I discovered the Crazy Rich Asians series well after the second book came out, and devoured them in days once I got them from the library. That’s the advantage to coming to something (be it a TV series or book series once all parts are available). I did not think Kevin Kwan would write a third book, but once I knew a third was in the works, I immediately began impatiently waiting. Lucky for me, I was approved to read an Advanced Reading Copy through NetGalley!


Once I started reading Rich People Problems I realized I’d forgotten a lot of what happened in the first two books. This is what happens when I read too quickly. However, Random House has the family tree available on their website and Wikipedia has a pretty good summary of the first two books with character descriptions.

Despite needing some refreshers on character connections, reading Rich People Problems felt very familiar, but in a good way. I love Kwan’s writing style and the humor he exudes. Generally, I’m a sucker for footnotes, and I love Kwan’s. Although reading footnotes on an e-readers is obnoxious. Also, when most authors try and describe fashionable people, or what their characters are wearing, it sounds like a What Not to Wear episode. Kwan, on the other hand, makes me believe Astrid is as fashion forward as she is portrayed. I also really enjoyed re-connecting with Astrid. She is by far my favorite character in the series. Learning more about Su Yi and the history of Singapore was a nice surprise. I wish I knew more about the area’s history and culture. Lastly, Eddie and Kitty were just as annoying as always. Which was perfect.

Popsugar Reading Challenge: A Book Involving Travel

Book Riot Read Harder Challenge: A Book that is set more than 5000 from your location

Heartwood Hotel: A True Home

A friend of mine from grad school posted on Instagram that she was approved for a NetGalley copy of Rich People Problems by Kevin Kwan and I decided I had to try as well. I am so pumped about the third installment of Crazy Rich Asians! Anyway, once I got into NetGalley (it had been a while) I poked around and found a few more books that might fit into my goals of 1) reading more juvenile books this year and 2) could fit the PopSugar Reading Challenge checklist. One of which is Heartwood Hotel: A True Home by Kallie George.



The story centers around orphaned mouse Mona who finds herself carried away in a storm and finds refuge in a fantastical hotel called Heartwood Hotel. Readers meet sweet woodland creatures (like Mrs. Prickles the cook, Tilly the squirrel maid and owner Mr. Heartwood the badger), go on brave adventures with Mona, and learn about Mona’s family and past.

One Goodreads reviewer compared Heartwood Hotel to The Wind in the Willows, and while I see his point, I disagree. Mostly because the writing and characterizations are lacking. While Heartwood Hotel is no The Wind in the Willows it is a sweet and enjoyable read. I foresee those who like Critter Club and Puppy Place and The Saddle Club snapping these up. The fact that the book is an ARC and already a “book one” tells me publishers are also seeing the connections.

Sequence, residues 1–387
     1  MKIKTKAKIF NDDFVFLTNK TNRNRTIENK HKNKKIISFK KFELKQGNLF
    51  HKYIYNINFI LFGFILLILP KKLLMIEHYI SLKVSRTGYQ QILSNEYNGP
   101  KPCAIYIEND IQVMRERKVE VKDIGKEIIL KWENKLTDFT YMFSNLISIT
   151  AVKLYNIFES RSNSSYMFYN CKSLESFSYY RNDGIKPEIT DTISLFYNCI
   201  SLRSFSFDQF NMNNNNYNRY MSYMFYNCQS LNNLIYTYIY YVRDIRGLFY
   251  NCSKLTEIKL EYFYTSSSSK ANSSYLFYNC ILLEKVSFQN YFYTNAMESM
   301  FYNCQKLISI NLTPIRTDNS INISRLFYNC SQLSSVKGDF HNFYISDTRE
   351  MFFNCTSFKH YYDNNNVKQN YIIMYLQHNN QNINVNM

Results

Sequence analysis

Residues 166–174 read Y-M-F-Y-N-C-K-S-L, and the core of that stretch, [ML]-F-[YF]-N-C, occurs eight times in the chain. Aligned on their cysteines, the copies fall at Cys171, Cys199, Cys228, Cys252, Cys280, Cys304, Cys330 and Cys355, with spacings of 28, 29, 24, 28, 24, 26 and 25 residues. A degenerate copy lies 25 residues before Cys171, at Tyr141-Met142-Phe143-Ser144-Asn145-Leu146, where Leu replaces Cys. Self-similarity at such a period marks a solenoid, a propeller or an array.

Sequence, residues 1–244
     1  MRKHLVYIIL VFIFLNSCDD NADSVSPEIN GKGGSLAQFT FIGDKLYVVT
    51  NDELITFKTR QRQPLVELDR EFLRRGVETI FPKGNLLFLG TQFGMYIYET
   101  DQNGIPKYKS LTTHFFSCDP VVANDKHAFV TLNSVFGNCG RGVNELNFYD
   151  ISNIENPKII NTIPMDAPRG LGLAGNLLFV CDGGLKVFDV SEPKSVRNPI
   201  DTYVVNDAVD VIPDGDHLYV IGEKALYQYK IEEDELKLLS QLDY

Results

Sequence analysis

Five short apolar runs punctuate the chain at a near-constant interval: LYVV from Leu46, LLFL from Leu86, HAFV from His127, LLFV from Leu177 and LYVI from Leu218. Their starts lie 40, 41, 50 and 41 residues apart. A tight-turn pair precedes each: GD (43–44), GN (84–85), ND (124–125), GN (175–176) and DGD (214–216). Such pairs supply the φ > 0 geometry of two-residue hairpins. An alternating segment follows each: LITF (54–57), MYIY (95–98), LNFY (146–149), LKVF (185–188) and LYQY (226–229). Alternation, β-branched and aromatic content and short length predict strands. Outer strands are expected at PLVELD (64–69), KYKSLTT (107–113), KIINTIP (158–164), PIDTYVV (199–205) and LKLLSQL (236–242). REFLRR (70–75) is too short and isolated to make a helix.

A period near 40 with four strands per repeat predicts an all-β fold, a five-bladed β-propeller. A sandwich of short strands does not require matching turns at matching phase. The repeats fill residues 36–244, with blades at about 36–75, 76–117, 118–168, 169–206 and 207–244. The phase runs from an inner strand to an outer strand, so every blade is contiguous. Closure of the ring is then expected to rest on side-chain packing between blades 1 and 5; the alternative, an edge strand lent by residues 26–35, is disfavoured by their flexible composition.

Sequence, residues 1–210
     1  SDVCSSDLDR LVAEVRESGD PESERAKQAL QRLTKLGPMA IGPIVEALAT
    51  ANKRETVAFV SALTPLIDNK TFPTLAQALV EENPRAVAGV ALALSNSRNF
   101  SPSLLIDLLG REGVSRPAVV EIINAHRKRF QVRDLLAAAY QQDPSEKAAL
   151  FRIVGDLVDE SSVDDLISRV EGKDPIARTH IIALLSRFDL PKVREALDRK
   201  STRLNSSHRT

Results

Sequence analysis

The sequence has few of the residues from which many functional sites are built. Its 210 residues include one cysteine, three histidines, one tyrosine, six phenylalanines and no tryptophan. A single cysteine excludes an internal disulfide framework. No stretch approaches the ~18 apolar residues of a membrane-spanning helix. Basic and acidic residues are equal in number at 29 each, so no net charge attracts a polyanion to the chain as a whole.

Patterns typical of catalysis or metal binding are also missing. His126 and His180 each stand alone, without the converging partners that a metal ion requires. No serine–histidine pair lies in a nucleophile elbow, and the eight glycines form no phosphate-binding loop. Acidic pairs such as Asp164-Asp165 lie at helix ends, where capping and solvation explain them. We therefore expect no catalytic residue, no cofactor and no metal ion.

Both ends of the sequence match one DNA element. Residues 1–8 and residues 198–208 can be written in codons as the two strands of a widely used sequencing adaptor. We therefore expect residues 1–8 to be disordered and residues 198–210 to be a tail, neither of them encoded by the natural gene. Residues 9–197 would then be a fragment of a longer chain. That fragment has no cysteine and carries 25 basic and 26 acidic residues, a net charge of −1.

The E-(book/audio) Dilemma

E-book and E-audio books are fantastic! They are how I listen to the vast majority of my audio books and how I read most of the books on my honeymoon. However, they have some issues.

Where I live and work the majority of library systems work reciprocally. For example, you might live in the bounds of system A, but border system B, and work within system C. As long as you have a library card from system A, you can register your system A card with systems B and C and use their resources. EXEPT for e-resources (book, audio and zinio). This can be annoying because system C might have a bigger e-resource budget and can purchase more items, which you are unable to access. It all has to do with taxes and system budgets etc, which rationally makes sense, but we don’t usually think rationally at all times.

That’s issue number one.

Issue number two also makes rational sense, but in the world of Netflix and Spotify, patrons want immediate gratification. For my point to make sense, let me rewind… My husband finished A Game of Thrones on our last day of the honeymoon. Perfect timing, until our final connection got cancelled and our rescheduled flights the next day got delayed (seriously never fly with me). Anyway, I found A Clash of Kings in Overdrive and showed him how to download the book to his phone and I told him how in 3 weeks it would disappear, so he needed to read it fast. The first thing he said is “I can just download it again though, right?” Well, kind of… as long as nobody else has it on hold you can… This concept made no sense to him for a while, given my pop culture examples above. How many people do you think are watching How I Met Your Mother on Netflix at any given time? Who knows, but it is a lot! Surly, if Netflix can make the resource available to everyone at any given time, the books should be available too. Since I haven’t done a whole lot of research on that particular subject, I decided to do some and find out why the systems work so differently (although, the main one is each subscriber pays for Netflix as opposed to taking advantage of a free system like the library).

Basically, it comes down to book publishers being a much more conservative breed than music and TV/movie producers, and the fact that publishers want you to buy their books. Therefore, they’re going to make it difficult to access in non-traditional ways and, according to K. T. Bradford, “publishers have decided to force libraries to treat e-books like paper books, so only one person can check them out at a time. The library can only check out as many copies of an e-book as they’ve purchased or licensed from publishers. Seems like an antiquated way of going about things, right? It gets worse. Publishers also decided that since e-books don’t wear out the way paper books do, they need to put limits on how many times a title can be lent before the library has to buy a new copy.” Finally, Jason Illian writes in Entrepreneur, “unlike music subscription services, like Spotify, where a user can consume hundreds of songs a day, the average ereader is lucky to get through one book a week or even a month…Conclusion? It’s hard to throw a game-changing party when people show up only sporadically and don’t want to pay a cover charge.”

Admittedly, the articles I referenced are not the most up to date, but I felt they explained the issues most clearly, and as far as I can tell, there aren’t any major changes, aside from Oyster going out of business.